Venclexta is designed to trigger a natural process that helps cells self-destruct in chronic lymphocytic leukemia (CLL).
The FDA today approved venetoclax (Venclexta) for the treatment of patients with chronic lymphocytic leukemia (CLL) with 17p deletion and who have been treated with a least 1 prior therapy.
This is the first FDA approved treatment that inhibits the B-cell lymphoma 2 (BCL-2) protein.
“Up to half of people whose CLL progressed have 17p deletion, a genetic marker that makes the disease difficult-to-treat,” said Sandra Horning, MD, chief medical officer and head of Global Product Development at Genentech. “Venclexta is the first approved medicine designed to trigger a natural process that helps cells self-destruct, and is a new way to help people who have been previously treated and have this high-risk form of the disease.”
The approval was based on a single-arm clinical trial that enrolled 106 patients with CLL who have a 17p deletion and had at least 1 prior therapy. Participants were administered a 20-mg oral dose of Venclexta that increased over a 5-week period to 400-mg.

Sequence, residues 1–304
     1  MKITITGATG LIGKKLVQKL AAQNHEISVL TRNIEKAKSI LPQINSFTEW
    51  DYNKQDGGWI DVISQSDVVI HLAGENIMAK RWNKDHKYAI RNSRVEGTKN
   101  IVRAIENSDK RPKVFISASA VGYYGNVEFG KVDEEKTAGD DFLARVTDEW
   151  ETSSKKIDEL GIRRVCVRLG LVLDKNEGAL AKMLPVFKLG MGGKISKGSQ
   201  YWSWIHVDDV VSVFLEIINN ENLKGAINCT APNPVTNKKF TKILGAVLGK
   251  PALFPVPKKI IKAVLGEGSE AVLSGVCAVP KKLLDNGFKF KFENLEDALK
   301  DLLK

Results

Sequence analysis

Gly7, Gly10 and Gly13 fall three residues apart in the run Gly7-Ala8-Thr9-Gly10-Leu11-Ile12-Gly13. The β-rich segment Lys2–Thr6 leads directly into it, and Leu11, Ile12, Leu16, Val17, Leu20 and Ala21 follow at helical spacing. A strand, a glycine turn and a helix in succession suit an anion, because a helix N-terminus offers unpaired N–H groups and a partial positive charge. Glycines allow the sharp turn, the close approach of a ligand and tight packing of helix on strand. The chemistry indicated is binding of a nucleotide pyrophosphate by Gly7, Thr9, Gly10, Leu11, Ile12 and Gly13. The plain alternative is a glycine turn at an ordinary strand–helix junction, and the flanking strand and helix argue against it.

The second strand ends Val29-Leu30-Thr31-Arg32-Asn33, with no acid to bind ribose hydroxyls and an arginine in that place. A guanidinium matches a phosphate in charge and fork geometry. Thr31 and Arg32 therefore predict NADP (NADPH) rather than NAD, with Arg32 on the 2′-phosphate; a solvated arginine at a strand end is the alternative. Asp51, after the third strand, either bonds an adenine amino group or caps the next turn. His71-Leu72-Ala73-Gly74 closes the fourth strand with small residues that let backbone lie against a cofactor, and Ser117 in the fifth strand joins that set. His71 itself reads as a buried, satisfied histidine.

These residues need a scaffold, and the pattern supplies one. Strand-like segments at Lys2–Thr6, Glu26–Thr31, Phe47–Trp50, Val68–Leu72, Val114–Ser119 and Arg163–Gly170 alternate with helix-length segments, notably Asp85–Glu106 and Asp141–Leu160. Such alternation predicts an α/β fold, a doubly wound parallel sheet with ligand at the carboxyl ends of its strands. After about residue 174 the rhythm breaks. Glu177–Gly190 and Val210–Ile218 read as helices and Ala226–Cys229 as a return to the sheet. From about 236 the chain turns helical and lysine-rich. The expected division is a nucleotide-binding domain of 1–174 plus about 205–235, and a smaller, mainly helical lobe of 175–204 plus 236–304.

The results of the study showed that 80% of patients experienced a complete or partial remission of their cancer. The most common side effects included neutropenia, anemia, nausea, diarrhea, upper respiratory tract infection, thrombocytopenia, and fatigue.
Serious complications included pneumonia, neutropenia with fever, fever, autoimmune hemolytic anemia, and tumor lysis syndrome.
“These patients now have a new, targeted therapy that inhibits a protein involved in keeping tumor cells alive,” said Richard Pazdur, director of the Office of Hematology and Oncology Products in the FDA’s Center for Drug Evaluation and Research. “For certain patients with CLL who have not had favorable outcomes with other therapies, Venclexta may provide a new option for their specific condition.”